Yet another building collapsed in Karachi. This time it was a multi-storey building in the residential area of Golimar, and the incident involved two other adjoining buildings. According to reports, construction work was in progress on the top floor of the ill-fated building which was already housing several families. The incident left about 27 people dead and over a dozen injured.
Such incidents have been taking place in the megapolis from time to time. Though enquiries were ordered by the bigwigs and reports were also submitted in some cases, the relevant authorities have been failing to fix responsibility against the quarters concerned. To know about the reasons behind such fatal collapses is not a rocket science. Even a layman can safely say the building regulators and the law enforcers have been “lenient”. This simple statement has different connotations but leads to the truth that builders, either the “needy” individuals or the cartel of so-called developers, disrespect the relevant laws, while the whistleblowers prefer to overlook such matters.
It is high time that the Sindh government rise to the occasion and take curative measures, otherwise managing building affairs, which were undermined for the first time after the fall of an under construction plaza in Federal B Area in 70s, will hardly draw any success. Government is once again required to show distance with the shabby quarters, including the mindless builders and contractors and irresponsible or greedy controlling officers.
The city of Karachi housing over 20 million people deserves special attention in many contexts, particularly in the housing and building sectors. According to a report, Karachi and Hyderabad regions have over 450 buildings that are standing for long despite being declared dangerous by the Sindh Building Control Authority (SBCA) and should have been vacated immediately.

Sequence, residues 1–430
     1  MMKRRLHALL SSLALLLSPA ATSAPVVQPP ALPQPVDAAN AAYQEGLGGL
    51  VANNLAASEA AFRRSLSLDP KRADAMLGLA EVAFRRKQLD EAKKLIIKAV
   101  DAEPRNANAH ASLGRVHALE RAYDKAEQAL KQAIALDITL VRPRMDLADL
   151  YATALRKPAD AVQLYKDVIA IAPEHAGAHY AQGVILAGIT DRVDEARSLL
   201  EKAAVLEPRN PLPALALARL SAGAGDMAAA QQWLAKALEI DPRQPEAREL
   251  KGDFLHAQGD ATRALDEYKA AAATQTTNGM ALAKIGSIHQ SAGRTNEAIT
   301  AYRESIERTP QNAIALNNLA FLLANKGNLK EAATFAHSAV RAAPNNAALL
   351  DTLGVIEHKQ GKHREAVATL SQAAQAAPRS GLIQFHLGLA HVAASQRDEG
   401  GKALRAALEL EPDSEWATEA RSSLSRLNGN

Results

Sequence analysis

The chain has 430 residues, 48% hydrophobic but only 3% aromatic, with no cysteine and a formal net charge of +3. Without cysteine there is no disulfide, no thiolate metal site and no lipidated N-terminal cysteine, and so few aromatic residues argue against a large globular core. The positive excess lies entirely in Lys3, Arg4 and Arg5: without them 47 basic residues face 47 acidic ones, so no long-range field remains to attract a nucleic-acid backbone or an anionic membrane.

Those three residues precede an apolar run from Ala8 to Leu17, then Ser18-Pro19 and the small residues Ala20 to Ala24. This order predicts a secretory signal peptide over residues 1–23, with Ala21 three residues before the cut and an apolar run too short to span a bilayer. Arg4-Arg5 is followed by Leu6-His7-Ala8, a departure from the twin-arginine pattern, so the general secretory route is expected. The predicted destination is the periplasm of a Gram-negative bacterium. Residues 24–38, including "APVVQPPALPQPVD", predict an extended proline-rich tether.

In the case of Karachi, such dilapidated buildings or residential units are located in Saddar town, including Civil and Ranchore lines quarters, Ramswami, Lawrence, Serai, Rambagh and Saddar Bazar quarters, besides Keamari, Malir, and Liaquatabad. Perhaps, the SBCA’s warnings went unheard as those were not compatible with the aspirations and practical conditions of the residents of such buildings. The authorities need to revisit the relevant rules and take decisions accordingly. Nothing is precious than human life and there is a need to do more in this regard on an emergent basis to prevent avoidable incidents.
Besides, adequate maintenance of high-rise buildings and other housing projects is another aspect that needs to be addressed in Karachi, particularly in the wake of various environmental issues, including global warming, water and air pollution. Various surveys have suggested that builders and developers need to switch to sustainable architecture and green buildings for the sake of both the nature and the occupants of flats and apartments.
Hopefully, the Sindh government will move to devise a mechanism to give builders a framework vis-à-vis resource efficiency, waste reduction, human risks, environmental risks and environmental pollution prevention.